Business & Art 2009

Site specific installation

Material: printed plastic cards, acetone
Dimensions: variable, plastic card 52 x 86 mm

Exhibited at «Big Deal – Botoxed» project space, London (UK)
Curated by Vanya Balogh

The installation consists of multiple printed plastic cards, which where free to take. The title of the work was applied by rubbing the mould from the door, which separated the exhibition space from the cellar, with acetone.

The exhibition took place in one of the numerous shops that became vacant due to the financial crisis that «started» 2008. The exhibition space was one of the subsidised spaces by the initiative «Pop Up Shops», founded by the Camden Council, to keep the shops attractive for shoppers, potential buyers and tenants.

On the plastic cards two quotes were cited. On one side the concept of the «Pop Up Shops» from the council’s web site:

«The long term aim of pop up shops is to improve the sellability of each premises, to attract a long term lease holder into each space, and we are happy to say that both shops have now been taken on long term leases. This has allowed CTU to focus our attention onto finding and securing new premises for future pop up shops, and we expect to announce some premises soon.»

On the other side of the card an excerpt from the book «Tiefer hängen» by the German art historian Wolfgang Ullrich was found:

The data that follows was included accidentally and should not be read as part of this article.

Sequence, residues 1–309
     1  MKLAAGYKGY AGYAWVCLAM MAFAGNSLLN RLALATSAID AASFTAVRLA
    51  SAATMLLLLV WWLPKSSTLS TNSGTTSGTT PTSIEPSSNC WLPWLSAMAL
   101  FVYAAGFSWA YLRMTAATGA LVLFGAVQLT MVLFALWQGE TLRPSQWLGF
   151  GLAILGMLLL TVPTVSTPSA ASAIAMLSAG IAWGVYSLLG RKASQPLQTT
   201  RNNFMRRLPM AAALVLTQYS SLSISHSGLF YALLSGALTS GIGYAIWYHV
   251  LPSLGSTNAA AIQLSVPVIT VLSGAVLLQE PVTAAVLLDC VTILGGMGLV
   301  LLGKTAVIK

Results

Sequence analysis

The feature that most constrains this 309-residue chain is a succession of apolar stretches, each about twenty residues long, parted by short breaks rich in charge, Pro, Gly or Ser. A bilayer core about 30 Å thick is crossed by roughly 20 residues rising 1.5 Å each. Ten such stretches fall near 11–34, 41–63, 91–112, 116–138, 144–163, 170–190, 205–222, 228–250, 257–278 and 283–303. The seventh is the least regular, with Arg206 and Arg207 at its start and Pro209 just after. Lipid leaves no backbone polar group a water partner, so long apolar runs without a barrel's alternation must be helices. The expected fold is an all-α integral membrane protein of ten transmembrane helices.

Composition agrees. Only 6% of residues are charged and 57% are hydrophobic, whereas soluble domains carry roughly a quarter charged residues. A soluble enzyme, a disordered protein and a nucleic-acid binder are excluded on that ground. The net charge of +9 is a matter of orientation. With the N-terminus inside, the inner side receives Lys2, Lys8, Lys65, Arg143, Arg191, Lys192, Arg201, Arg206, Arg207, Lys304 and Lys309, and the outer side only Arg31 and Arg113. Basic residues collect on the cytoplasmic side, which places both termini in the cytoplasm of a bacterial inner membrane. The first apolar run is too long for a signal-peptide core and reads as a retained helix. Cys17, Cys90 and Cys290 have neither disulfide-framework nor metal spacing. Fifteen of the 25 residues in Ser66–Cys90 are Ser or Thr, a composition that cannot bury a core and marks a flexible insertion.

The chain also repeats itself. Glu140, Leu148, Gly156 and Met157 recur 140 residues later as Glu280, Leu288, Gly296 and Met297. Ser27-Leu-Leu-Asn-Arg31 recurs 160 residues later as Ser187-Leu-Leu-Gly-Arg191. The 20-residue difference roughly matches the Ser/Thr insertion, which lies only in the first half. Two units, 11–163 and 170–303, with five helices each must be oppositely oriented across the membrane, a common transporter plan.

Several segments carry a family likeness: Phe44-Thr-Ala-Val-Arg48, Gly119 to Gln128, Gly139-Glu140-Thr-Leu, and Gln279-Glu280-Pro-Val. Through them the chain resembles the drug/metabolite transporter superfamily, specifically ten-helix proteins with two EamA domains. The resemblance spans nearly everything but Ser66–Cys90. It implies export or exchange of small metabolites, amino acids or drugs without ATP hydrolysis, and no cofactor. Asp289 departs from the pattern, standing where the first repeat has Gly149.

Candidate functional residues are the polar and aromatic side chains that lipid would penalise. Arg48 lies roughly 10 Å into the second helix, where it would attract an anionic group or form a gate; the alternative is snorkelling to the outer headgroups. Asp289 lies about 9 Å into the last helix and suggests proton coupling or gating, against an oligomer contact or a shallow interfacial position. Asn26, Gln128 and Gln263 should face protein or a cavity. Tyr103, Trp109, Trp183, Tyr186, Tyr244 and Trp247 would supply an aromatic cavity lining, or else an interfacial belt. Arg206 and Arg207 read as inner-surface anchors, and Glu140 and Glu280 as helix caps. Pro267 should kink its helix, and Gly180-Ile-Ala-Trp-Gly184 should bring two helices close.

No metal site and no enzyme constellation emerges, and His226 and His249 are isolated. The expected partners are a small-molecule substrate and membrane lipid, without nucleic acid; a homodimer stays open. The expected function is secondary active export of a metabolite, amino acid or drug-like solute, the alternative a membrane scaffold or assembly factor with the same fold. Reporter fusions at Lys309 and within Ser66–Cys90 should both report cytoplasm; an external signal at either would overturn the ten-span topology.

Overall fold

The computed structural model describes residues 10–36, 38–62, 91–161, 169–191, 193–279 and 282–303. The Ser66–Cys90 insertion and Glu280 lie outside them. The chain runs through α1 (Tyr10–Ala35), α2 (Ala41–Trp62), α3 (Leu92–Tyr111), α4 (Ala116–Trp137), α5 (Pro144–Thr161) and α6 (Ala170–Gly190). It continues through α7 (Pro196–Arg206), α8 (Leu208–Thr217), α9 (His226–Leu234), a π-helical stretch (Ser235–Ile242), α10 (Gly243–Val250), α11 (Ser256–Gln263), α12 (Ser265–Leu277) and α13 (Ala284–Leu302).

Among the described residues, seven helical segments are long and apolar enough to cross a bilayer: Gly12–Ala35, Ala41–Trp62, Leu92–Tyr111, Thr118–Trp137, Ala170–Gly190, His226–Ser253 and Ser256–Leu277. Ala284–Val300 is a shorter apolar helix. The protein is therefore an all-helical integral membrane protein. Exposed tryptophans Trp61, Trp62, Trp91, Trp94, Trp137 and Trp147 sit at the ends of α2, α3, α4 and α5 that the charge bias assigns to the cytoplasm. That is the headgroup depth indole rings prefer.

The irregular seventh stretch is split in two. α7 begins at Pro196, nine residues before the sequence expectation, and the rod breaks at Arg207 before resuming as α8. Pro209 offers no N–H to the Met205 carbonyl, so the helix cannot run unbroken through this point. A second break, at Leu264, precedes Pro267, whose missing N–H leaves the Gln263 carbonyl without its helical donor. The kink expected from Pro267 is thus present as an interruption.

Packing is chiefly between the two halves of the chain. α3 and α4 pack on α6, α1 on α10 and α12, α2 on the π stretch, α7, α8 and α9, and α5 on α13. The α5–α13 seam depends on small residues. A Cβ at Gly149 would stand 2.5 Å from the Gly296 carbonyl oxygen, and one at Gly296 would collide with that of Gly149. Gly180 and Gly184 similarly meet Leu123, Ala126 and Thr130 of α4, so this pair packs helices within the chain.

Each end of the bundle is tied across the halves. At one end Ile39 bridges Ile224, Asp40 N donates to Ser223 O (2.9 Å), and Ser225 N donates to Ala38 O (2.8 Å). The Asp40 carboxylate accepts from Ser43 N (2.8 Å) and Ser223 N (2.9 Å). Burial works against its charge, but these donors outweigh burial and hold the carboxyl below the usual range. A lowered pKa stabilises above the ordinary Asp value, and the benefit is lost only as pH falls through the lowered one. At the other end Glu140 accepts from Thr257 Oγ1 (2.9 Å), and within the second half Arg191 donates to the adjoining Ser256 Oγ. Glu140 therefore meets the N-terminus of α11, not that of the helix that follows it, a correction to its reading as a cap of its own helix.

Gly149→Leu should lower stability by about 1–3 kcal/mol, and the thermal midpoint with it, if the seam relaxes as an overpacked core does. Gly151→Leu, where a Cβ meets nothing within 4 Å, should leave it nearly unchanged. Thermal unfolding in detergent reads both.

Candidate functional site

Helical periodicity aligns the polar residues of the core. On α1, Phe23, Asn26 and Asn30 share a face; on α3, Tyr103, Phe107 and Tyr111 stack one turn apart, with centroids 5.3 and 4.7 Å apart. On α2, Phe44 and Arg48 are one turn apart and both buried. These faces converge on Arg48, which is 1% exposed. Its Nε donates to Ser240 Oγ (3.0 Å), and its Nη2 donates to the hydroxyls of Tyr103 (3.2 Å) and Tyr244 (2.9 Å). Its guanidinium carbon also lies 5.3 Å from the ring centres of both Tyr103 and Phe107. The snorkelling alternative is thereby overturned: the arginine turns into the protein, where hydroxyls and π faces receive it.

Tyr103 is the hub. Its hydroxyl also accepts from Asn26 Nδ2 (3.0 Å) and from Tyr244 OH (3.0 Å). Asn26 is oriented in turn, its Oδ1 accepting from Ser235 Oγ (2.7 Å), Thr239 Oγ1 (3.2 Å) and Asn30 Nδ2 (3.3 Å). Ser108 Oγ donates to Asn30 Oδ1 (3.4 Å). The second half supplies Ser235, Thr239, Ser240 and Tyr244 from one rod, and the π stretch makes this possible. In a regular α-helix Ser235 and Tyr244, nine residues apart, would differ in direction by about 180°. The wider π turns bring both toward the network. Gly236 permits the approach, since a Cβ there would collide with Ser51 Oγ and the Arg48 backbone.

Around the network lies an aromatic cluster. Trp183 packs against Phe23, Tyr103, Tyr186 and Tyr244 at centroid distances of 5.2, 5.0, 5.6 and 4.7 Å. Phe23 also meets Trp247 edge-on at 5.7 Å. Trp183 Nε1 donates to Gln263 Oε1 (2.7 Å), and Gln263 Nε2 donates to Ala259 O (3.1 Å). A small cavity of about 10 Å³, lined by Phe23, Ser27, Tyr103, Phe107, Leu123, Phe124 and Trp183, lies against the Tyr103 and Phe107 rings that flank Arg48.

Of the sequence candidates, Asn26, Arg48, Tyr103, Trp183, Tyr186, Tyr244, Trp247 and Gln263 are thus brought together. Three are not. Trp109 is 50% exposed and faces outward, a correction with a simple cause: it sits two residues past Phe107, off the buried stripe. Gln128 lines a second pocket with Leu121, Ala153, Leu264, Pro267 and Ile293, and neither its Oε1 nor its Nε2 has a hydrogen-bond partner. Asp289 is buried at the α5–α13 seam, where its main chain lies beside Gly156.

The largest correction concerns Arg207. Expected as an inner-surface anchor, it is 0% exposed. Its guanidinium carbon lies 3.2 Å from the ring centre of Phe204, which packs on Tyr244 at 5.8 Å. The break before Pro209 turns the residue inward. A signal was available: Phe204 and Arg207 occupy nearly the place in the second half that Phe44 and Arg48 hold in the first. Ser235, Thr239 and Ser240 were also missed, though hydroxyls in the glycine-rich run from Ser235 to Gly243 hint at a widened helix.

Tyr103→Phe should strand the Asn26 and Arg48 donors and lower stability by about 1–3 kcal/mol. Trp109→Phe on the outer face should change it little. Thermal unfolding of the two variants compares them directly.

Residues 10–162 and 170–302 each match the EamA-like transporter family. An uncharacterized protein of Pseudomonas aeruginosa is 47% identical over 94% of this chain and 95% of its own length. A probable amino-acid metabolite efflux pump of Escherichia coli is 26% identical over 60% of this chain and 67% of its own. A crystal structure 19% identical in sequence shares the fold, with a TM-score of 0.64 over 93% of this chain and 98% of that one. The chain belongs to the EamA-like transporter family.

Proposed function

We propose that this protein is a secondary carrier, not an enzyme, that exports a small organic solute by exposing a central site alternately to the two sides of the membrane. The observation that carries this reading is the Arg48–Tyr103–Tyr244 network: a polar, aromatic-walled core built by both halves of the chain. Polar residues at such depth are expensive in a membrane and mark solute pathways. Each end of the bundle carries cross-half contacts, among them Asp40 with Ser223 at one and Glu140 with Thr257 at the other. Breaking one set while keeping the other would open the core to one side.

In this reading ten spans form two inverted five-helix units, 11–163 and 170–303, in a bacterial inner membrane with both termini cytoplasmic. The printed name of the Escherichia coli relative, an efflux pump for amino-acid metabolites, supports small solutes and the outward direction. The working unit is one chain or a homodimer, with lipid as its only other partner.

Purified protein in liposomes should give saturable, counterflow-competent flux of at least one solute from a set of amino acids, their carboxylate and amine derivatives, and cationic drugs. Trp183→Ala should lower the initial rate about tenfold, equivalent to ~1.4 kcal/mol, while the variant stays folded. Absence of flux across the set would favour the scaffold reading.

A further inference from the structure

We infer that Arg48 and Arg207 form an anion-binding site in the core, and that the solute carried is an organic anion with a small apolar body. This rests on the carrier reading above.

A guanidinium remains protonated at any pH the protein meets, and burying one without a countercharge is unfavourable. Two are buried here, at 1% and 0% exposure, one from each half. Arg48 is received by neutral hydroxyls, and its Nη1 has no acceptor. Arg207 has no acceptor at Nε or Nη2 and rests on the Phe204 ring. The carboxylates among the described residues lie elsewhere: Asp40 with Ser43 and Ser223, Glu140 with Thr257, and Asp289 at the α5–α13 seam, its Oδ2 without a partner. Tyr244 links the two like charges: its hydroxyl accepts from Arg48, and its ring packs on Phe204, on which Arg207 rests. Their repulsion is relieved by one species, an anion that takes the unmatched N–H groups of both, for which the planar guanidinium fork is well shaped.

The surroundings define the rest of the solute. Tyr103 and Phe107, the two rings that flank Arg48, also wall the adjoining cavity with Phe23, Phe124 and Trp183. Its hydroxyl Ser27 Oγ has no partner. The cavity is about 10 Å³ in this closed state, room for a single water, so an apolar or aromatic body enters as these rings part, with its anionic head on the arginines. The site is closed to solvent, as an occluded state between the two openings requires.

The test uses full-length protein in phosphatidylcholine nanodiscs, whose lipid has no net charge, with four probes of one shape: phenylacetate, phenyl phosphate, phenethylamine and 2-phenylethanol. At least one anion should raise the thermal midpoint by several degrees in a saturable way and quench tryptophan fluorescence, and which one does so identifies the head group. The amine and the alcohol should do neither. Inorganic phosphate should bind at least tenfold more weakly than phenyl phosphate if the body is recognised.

«Provided that luxury goods are, from the outset, not purchased solely as speculative items, which make an acceptable yield on resale, they are from the point of view of capitalist economy principally waste and thus pointless. Instead of investing the capital usefully or at least with the possibility of setting it against taxable income, it is deadened. This applies in particular to the purchase of modern art. Modern art nearly always understands itself without purpose and has in comparison with i.e. designer furniture no particular function. Furthermore, it lacks the fun and sensual experience of for example a yacht or lover. Modern art denies itself to the traditional conception of beauty. It is unwieldy, hermetic and more demanding than relaxing. If one searches for compensation one is far better off visiting a concert or reading a novel than looking at an abstract painting or installation. Also, music, literature, theatre or film are generally available at lower prices than the painting above the couch, in the study or the foyer. That the rich and powerful still prefer painting over other cultural commodities, therefore proves even more forcefully, that the purchase of fine art is less guided by the desire for an alternative world than the wish for status and power.»

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